In most areas, a real estate recovery is underway, puncturing the fierce buyers’ market that let purchasers dictate the terms and conditions of transactions. But, surprisingly, some sellers have yet to get the message.
That’s according to Dorcas Helfant, a seasoned real estate broker who co-owns seven realty offices. She said some sellers, admittedly a minority, are still so nervous about their prospects that they overspend on pre-sale upgrades.
To illustrate, she told the story of a client who fretted so much about selling his upscale property that he planned to spend $80,000 on a kitchen overhaul.
“Not only was he spending way too much, but he was planning changes that would make it harder, not easier, to market his home,” Helfant says.
What the executive had in mind was to give his ordinary kitchen an Italian villa look with ornate cabinets of exotic wood and fanciful fixtures.
“It was a totally personalized vision. But buyers don’t want your personal taste. They want a blank canvas where they can fill in their own vision,” she says.
It took a while, but Helfant eventually dissuaded her client from his plan. Instead, he did a minor kitchen redo involving classic white cabinets with sleek, clean lines — the sort of interior most purchasers prefer. And after his modest investment, his house sold promptly for the full asking price.
Before doing any pre-sale upgrades, Helfant urges sellers to review their plans to make sure they’re both appropriate and worthy of the cost. For advice on pre-sale upgrades, she recommends that sellers visit the Houselogic website:
Here are a few pointers for sellers:
Look to real estate specialists for guidance.
To find a happy medium for spending on pre-sale improvements, Helfant suggests sellers ask one or more local real estate agents to drop by their place and provide a checklist of changes that would be cost-effective.
“Don’t be timid about seeking advice from professionals — even before you choose the person you want to take your listing,” she said.
An increasing number of agents recommend that sellers seek the help of a “home stager,” someone skilled in the art of making a property look appealing to potential buyers. They review the home’s current furnishings, remove excess pieces and rearrange the remaining ones. They may also lend the sellers additional furnishings to improve the look of the home while it’s on the market.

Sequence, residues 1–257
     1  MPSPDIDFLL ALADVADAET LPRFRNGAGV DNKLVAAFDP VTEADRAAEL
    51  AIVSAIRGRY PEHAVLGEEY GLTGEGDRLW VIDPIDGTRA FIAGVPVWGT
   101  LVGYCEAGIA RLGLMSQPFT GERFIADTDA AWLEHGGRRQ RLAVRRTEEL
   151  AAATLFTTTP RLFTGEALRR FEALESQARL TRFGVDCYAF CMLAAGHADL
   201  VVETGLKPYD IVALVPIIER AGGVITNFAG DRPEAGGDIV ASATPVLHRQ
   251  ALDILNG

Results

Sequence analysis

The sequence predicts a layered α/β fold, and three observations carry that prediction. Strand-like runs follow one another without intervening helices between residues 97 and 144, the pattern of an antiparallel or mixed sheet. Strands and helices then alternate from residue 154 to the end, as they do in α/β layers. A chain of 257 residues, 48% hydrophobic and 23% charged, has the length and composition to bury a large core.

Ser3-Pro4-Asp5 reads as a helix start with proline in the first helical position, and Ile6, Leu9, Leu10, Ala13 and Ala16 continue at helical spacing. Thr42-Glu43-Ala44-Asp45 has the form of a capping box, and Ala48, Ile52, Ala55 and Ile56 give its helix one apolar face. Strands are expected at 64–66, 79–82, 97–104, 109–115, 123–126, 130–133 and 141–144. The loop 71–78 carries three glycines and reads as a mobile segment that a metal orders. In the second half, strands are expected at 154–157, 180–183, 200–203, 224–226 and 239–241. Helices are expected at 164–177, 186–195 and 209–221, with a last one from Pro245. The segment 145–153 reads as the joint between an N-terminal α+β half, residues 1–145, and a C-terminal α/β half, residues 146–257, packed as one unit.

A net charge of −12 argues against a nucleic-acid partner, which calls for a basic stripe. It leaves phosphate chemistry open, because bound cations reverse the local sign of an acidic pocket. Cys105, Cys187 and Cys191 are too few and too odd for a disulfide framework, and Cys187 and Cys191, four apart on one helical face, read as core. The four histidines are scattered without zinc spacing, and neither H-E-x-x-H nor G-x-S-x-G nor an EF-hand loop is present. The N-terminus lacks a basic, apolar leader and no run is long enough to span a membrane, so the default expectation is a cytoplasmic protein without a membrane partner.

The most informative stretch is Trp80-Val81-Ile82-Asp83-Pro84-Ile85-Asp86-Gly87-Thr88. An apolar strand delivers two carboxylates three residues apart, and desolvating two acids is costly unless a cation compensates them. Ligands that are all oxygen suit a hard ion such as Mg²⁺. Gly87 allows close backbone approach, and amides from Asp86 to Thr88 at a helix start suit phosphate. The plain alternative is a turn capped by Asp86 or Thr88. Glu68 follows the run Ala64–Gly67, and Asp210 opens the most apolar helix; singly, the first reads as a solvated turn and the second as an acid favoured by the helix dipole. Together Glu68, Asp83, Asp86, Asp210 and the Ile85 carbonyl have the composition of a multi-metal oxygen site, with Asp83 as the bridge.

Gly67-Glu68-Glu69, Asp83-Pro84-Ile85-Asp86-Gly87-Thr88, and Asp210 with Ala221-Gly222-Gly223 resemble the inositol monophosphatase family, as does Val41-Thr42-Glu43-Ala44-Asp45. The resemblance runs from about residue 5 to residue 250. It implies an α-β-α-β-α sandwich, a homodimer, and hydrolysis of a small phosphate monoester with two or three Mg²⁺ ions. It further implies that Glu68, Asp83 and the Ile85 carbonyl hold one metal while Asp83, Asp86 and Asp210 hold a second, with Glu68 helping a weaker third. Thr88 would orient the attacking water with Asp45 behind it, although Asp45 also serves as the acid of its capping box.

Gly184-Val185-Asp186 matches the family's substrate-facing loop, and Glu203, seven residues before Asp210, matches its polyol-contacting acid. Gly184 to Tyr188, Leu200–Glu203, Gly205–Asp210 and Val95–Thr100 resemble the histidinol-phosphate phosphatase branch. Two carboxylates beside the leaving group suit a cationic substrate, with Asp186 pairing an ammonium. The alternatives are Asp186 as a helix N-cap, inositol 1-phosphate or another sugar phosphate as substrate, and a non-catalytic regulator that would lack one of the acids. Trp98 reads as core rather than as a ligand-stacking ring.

Christian Salinas, a home stager in Washington, D.C. —www.stagingdesigndc.com — said it needn’t cost a fortune to dramatically improve the appearance of a home through staging. And although the full services of a stager — including the use of inventory items — can exceed $1,000, he says a less expensive alternative is to hire a stager for a brief consultation and then carry out the stager’s suggestions.
Seriously question if a pre-sale addition is warranted.
If you have a small house to sell, would it be a good idea to add another bedroom or two to make it more inviting to buyers with children?
“The answer is an unequivocal no, unless you’re willing to throw money away that you’ll never get back,” said Sid Davis, a real estate broker and author of “A Survival Guide to Selling a Home.”
With rare exceptions, Davis said homeowners who attempt a pre-sale addition typically recoup no more than 50 percent of their expenses, due to the high cost of expanding an existing home.
Perhaps you believe you could save on an addition by avoiding the architect’s fees. But Davis said this, too, would be a mistake.
“Without an architect for your design work, your new room could look funny and fail to blend with the rest of the place. That could torpedo your whole project and prove a costly error. It would be better to dump the addition plan altogether,” Davis says.
n Don’t top neighborhood standards with your upgrades.
Real estate specialists agree that when it comes to pre-sale improvements, your kitchen should be a high priority. That’s because a kitchen that looks uninviting is a major turnoff to buyers, who could reject your place on that basis alone.
But Helfant said that concentrating on the kitchen doesn’t mean you must spend a sizeable sum there. And she stressed that no one needs to exceed neighborhood standards on kitchen improvements.
“For instance, if your countertops look worn and need replacing, you don’t need granite — assuming all your neighbors still have linoleum,” she said.
How can you size up neighborhood standards? One way is to seek the counsel of a listing agent who’s thoroughly familiar with your neighborhood and has toured many homes there.
“You can also stop by open houses to get a feel for the features of your neighbors’ homes,” Helfant said.
n Never forget the street view of your property.
There are more reasons than ever for sellers to focus on the external appearance of their property. The major one is that virtually all buyers now screen properties online or through print publications before deciding which ones to visit. And the front view of your property is the most important image they’ll see.
“The landscaping in your front yard must look absolutely amazing,” Helfant said.
The good news is that you don’t need an expensive landscaping company to make your yard look much better, assuming you’re handy with yard gear or know someone who is.
“You can do wonders with ordinary trimming, edging, cutting and mulching, along with the addition of some blooming flowers. The key is to just get the work done, always remembering that your yard is the frame around your home,” Helfant said.
Ellen James Martin, a former real estate editor at The Baltimore Sun, gives advice for anyone buying, selling or financing a home.